If you are interested in becoming an ad-hoc reviewer please contact us. In order to facilitate this process, we recommend that you are nominated by a member of IAFMHS (a succinct email is sufficient) and provide us with your CV and up to five areas of expertise; you can send this to our editor-in-chief with the editorial assistant in CC.

We are particularly interested in supporting student reviewers. Students should be admitted to a graduate program in a related discipline and must have a direct supervisor who is willing to collaborate on the review(s). If you are interested in becoming a student reviewer, please send your CV with a brief statement of support by your supervisor, and include up to five areas of expertise, to our editor-in-chief, with the editorial assistant in CC.

Editorial Team


Editor-in-Chief  |  Michael Daffern

Centre for Forensic Behavioural Science, Swinburne University of Technology, and Victorian Institute of Forensic Mental Health (Forensicare); AUSTRALIA



Associate Editor|  Lauren Kois

Collaborative Law and Social Sciences Laboratory, The University of Alabama; USA



Associate Editor  |  Brian McKenna

School of Clinical Sciences, Auckland University of Technology, and Auckland Regional Forensic Psychiatry Services; NEW ZEALAND

Associate Editor  |  Stuart Thomas

School of Global, Urban and Social Studies, RMIT University; AUSTRALIA

Associate Editor  |  Jamie Livingston

Department of Criminology, Saint Mary’s University; CANADA


Associate Editor   |   Stephanie R. Penney

Forensic Division at Centre for Addiction and Mental Health, and Department of Psychiatry, University of Toronto; CANADA




Ronald Roesch - Department of Psychology, Simon Fraser University, Canada

Stephen D. Hart - Department of Psychology, Simon Fraser University, Canada


Jennifer Cox, Department of Psychology, The University of Alabama, USA

Keith Cruise, Department of Psychology and Fordham School of Law, Fordham University, USA

Sarah Desmarais, Department of Psychology, NC State University, USA

Kevin S. Douglas, Department of Psychology, Simon Fraser University, Canada

Vivienne de Vogel, Centre for Social Innovation, Utrecht University of Applied Science, Netherlands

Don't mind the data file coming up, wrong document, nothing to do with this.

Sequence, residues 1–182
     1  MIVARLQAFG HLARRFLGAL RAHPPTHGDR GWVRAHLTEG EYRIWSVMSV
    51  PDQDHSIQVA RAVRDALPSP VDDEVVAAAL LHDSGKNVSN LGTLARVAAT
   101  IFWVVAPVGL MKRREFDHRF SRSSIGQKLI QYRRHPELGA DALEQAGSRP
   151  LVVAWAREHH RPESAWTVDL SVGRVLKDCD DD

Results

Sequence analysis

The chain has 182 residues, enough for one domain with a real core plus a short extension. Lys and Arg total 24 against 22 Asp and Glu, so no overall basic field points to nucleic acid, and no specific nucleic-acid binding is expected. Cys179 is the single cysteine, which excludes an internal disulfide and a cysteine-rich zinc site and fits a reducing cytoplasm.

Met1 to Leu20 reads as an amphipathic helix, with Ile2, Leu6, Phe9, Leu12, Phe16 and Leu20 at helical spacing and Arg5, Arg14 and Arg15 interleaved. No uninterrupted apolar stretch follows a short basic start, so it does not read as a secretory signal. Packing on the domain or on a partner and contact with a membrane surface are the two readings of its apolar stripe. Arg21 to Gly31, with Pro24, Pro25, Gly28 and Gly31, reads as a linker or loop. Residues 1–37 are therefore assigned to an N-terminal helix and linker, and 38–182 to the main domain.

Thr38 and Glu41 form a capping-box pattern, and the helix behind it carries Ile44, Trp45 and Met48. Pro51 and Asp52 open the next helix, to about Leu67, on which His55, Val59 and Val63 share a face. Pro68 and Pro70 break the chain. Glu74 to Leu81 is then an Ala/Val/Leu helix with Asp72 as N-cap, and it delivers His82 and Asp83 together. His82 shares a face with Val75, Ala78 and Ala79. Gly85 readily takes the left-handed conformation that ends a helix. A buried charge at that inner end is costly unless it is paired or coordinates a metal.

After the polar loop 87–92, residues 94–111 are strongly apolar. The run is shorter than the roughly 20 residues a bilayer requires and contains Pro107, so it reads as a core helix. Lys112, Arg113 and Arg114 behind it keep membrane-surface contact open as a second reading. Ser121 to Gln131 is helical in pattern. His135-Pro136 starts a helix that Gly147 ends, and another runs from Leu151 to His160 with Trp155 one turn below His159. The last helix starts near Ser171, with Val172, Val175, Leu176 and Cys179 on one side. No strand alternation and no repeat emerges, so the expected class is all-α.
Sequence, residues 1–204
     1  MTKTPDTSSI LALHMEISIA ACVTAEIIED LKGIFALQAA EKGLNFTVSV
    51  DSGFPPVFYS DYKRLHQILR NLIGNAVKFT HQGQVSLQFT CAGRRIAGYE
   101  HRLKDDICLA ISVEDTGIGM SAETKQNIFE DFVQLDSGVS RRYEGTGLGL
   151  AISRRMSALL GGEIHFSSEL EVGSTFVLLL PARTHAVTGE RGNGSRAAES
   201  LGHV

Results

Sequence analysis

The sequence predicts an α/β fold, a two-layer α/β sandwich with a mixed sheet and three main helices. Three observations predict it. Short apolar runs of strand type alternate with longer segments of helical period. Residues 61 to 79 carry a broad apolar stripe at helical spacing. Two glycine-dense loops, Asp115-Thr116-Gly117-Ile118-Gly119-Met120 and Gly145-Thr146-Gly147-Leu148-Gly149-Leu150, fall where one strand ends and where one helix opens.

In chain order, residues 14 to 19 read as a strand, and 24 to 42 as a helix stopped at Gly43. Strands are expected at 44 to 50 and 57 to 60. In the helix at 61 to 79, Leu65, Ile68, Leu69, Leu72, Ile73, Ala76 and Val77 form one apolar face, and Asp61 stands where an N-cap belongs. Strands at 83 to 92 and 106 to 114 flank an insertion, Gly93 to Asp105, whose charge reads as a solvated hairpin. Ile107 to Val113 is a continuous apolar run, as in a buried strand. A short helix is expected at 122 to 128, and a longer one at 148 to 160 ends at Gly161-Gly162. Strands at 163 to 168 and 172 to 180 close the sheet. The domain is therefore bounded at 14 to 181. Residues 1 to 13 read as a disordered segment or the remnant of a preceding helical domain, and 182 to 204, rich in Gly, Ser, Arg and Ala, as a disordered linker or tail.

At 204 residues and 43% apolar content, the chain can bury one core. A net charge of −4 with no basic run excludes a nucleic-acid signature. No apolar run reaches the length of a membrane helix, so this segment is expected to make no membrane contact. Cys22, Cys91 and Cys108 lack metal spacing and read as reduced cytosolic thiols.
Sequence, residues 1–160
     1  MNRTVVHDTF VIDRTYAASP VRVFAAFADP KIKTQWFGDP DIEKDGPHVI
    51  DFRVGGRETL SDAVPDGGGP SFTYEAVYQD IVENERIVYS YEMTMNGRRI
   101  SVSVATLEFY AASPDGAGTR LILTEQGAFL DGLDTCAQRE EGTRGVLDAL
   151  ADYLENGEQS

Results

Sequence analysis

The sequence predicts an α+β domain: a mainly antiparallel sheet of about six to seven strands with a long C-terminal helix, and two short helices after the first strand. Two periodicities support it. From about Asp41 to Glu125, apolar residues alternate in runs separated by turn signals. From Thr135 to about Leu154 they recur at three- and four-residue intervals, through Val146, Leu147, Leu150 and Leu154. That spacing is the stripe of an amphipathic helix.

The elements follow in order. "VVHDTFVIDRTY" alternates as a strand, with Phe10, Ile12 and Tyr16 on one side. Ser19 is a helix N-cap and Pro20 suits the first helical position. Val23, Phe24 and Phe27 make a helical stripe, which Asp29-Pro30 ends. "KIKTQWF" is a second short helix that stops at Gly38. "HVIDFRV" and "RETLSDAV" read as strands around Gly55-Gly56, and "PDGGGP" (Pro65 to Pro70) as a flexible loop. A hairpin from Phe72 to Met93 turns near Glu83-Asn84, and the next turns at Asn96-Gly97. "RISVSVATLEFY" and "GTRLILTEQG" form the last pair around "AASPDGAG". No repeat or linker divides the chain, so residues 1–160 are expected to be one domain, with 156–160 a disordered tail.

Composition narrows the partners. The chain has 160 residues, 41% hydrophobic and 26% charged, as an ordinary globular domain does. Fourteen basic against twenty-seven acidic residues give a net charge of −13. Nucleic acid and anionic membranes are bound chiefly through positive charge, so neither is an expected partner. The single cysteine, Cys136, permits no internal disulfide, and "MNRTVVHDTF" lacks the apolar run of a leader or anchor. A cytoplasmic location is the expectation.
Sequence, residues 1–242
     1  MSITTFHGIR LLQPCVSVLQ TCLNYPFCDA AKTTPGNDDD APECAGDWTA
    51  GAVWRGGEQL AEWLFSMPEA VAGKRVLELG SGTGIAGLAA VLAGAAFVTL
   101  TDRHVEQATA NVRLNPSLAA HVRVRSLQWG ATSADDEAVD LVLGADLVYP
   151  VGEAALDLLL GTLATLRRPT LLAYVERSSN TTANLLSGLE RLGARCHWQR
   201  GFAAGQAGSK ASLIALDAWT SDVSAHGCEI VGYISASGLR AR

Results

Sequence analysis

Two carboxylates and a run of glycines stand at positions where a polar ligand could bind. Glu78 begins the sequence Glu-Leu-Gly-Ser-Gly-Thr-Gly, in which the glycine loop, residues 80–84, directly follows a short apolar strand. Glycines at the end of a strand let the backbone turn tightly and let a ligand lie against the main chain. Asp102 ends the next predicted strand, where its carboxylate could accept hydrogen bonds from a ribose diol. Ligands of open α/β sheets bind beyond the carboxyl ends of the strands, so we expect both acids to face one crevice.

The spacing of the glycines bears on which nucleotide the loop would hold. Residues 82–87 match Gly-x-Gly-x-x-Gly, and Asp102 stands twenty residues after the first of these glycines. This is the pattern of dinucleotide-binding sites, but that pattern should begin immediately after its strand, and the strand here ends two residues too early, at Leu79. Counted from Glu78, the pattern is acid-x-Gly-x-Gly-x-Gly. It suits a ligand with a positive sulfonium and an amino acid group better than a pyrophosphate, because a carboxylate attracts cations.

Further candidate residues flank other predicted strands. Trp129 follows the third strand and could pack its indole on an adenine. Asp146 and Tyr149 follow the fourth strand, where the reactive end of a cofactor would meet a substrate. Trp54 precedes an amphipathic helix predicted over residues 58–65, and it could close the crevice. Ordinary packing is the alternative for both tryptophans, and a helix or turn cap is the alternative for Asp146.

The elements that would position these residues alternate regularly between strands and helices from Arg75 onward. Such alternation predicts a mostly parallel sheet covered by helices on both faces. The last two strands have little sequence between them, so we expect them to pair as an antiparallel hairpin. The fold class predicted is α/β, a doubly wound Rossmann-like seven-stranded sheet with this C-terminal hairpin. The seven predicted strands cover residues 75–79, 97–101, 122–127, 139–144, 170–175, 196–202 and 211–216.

Joel A. Dvoskin, University of Arizona College of Medicine, USA

John Edens, Depatment of Psychological and Brain Sciences, Texas A&M University, USA

Eric Elbogen, Psychiatry and Behavioral Sciences, Duke University, USA

Carlo Garofola, Tilburg University, The Netherlands 

Emily Glorney, Royal Holloway University of London, England

Kris Goethals, Antwerp University Hospital, Belgium & Mental Health Care WNB, The Netherlands

Emily Gottfried, Community & Public Safety Psychiatry Division (CPSPD), Department of Psychiatry and Behavioral Sciences, Medical University of South Carolina, USA

Kirk Heilbrun, Department of Psychology, Drexel University, USA

Harry Kennedy, Department of Psychiatry, Trinity College Dublin, Ireland

Christopher M. King, Department of Psychology, Montclair State University, USA

Mette Kreis, NHS Greater Glasgow and Clyde, Scotland, UK

Tess Maguire, Centre for Forensic Behavioural Science, Swinburne University of Technology, Australia

Hjalmar van Marle, Department of Forensic Psychiatry of the Erasmus Medical Center and the Erasmus School of Law, Erasmus University Rotterdam, The Netherlands

Michael McKeown, School of Nursing, University of Central Lancashire, Preston, England

Kaitlyn McLachlan, Department of Psychology, University of Guelph, Canada

Norbert Nedopil, Department of Forensic Psychiatry, University of Munich, Germany

Alicia Nijdam-Jones, University of California, San Francisco, USA

Ade Ogunwale, Dept. of Clinical Services, Neuropsychiatric Hospital, Aro, Nigeria

Suzanne O'Rourke, University of Edinburgh, Scotland

Laurence Roy, School of Physical and Occupational Therapy, McGill University, Canada

Barry Rosenfeld, Department of Psychology, Fordham University, USA

Michael Seto, The Royal's Institute of Mental Health Research, Canada

Stephane Shepherd, Centre for Forensic Behavioural Science, Swinburne University of Technology, Australia

Alexander (Sandy) Simpson, Department of Psychiatry, University of Toronto, CAN

Jodi Viljoen, Department of Psychology, Simon Fraser University, Canada

Gina Vincent, Law & Psychiatry, University of Massachusetts Medical School, USA

Patricia Zapf, Continuing & Professional Studies, Palo Alto University, USA